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Full Online Book HomeLong StoriesThe Serio-comic Governess - Chapter 18
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The Serio-comic Governess - Chapter 18 Post by :blakekr Category :Long Stories Author :Israel Zangwill Date :May 2012 Read :2508

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The Serio-comic Governess - Chapter 18


She had missed her turn at the third Hall, but she did not care. She went on and gave a spiritless performance. It fell dead, but she cared less. Her head throbbed with a dozen possibilities. She was still undiscovered. As she sat resting on her couch ere resuming her work-a-day gown, her nerves stretched to snapping point, and old Irish songs crooning themselves irrelevantly in her brain, a telegram was handed her.

"He has found out," she thought, going hot and cold. She tore open the pink envelope... and burst into a shriek of laughter. The dresser rushed in, wondering. Nelly O'Neill merely held her sides, jollity embodied. "Oh, the Show, the Show!" she gasped, the tears streaking her painted cheeks.

The telegram that hung between her fingers in two sheets ran: "Reply prepaid. I don't know the ways of the stage so I send you this as a sure way of reaching you to ask when and where I may have the pleasure of calling upon your friend, Miss O'Keeffe, and renewing the study of Plato.--Robert Maper, Hotel Belgravia."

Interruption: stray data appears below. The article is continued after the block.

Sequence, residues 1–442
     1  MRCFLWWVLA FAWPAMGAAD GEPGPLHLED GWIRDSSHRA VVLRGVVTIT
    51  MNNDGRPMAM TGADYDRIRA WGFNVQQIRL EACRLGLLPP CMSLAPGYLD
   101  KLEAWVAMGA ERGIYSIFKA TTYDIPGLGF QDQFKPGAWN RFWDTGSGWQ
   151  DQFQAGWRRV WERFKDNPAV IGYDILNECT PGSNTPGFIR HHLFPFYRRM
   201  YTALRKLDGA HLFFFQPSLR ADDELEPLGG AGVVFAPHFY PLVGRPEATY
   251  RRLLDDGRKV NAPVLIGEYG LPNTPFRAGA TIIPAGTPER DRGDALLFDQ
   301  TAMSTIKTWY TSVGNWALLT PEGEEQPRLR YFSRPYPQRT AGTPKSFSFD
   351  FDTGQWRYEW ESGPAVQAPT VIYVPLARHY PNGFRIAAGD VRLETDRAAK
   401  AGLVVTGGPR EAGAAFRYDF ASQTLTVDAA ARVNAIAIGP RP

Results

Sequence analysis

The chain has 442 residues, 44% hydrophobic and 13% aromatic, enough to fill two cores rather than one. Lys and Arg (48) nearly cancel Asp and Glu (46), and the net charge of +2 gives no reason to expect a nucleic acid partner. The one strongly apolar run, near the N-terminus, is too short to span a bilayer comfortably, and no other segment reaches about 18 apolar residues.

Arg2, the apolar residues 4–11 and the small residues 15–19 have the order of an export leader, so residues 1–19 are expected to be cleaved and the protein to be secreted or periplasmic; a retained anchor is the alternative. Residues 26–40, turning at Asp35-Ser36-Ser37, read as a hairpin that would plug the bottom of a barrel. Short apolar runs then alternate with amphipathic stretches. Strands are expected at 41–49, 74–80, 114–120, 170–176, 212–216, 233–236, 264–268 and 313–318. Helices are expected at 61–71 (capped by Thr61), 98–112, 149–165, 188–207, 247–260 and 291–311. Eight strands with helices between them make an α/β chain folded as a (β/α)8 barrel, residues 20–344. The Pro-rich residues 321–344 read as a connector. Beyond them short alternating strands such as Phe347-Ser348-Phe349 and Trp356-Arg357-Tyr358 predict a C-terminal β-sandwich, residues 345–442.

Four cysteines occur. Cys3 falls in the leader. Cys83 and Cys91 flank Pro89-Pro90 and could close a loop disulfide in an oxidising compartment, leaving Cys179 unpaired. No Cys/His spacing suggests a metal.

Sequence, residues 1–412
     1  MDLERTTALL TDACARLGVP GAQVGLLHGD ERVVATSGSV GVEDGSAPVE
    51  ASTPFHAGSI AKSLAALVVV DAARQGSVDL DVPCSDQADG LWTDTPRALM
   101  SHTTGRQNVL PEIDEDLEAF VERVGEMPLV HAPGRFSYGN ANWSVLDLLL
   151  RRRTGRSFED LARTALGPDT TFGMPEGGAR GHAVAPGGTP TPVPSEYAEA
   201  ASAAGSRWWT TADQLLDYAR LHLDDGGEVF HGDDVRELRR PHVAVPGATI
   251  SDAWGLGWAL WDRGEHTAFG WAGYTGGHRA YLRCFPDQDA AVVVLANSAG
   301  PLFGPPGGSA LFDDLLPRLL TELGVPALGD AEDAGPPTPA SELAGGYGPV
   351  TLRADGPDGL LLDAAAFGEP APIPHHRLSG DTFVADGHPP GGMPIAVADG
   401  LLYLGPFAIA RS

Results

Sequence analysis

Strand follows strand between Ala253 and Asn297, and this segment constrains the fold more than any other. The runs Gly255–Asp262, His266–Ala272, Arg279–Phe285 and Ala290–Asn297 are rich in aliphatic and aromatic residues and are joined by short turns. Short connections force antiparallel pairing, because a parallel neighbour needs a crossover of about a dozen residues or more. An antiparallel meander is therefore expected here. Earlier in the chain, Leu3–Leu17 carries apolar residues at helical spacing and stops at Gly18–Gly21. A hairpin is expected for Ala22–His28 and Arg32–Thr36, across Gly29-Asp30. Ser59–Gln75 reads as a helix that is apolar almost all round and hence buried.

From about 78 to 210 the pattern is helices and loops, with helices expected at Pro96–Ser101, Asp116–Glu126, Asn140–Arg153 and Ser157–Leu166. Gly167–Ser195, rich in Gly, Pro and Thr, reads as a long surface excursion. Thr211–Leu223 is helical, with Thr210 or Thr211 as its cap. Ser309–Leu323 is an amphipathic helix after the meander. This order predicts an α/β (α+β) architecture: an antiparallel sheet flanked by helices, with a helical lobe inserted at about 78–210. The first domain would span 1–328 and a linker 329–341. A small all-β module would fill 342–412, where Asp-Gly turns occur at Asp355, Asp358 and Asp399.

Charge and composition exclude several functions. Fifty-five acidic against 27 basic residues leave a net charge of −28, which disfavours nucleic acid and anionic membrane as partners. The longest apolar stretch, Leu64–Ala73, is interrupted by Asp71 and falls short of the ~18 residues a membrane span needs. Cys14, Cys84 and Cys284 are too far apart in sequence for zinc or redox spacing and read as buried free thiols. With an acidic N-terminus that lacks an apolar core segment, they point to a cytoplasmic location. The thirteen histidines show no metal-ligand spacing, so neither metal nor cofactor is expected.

"Any answer, miss?" said the imperturbable doorkeeper.

The answer flashed irresistibly into her mind as he spoke. Oh, she would play up to Bob Maper. Doubtless he imagined her fallen to the level of her _metier_, though he wasn't insulting. She scribbled hastily: "Robert Maper, Hotel Belgravia. I am waiting at the Hall for you. Come and take me to supper.--EILEEN O'NEILL." She gave instructions he was to be admitted. Then she relapsed into her hysteric amusement. "Oh, the merry master of marionettes, the night my love comes from beyond the seas, you send me to supper with Robert Maper." She waited with impatience. Now that the long-dreaded discovery had come, she was consumed with curiosity as to its effect upon the discoverer. At last she remembered to wash off the rouge and the messes necessary for stage-perspective. Her winsome face came back to her in the mirror, angelic by contrast, and while she was looking wonderingly at this mystic flashing mask of hers, there was a knock, and in another instant she was looking into the eyes burning unchanged under the white marble mantel-piece.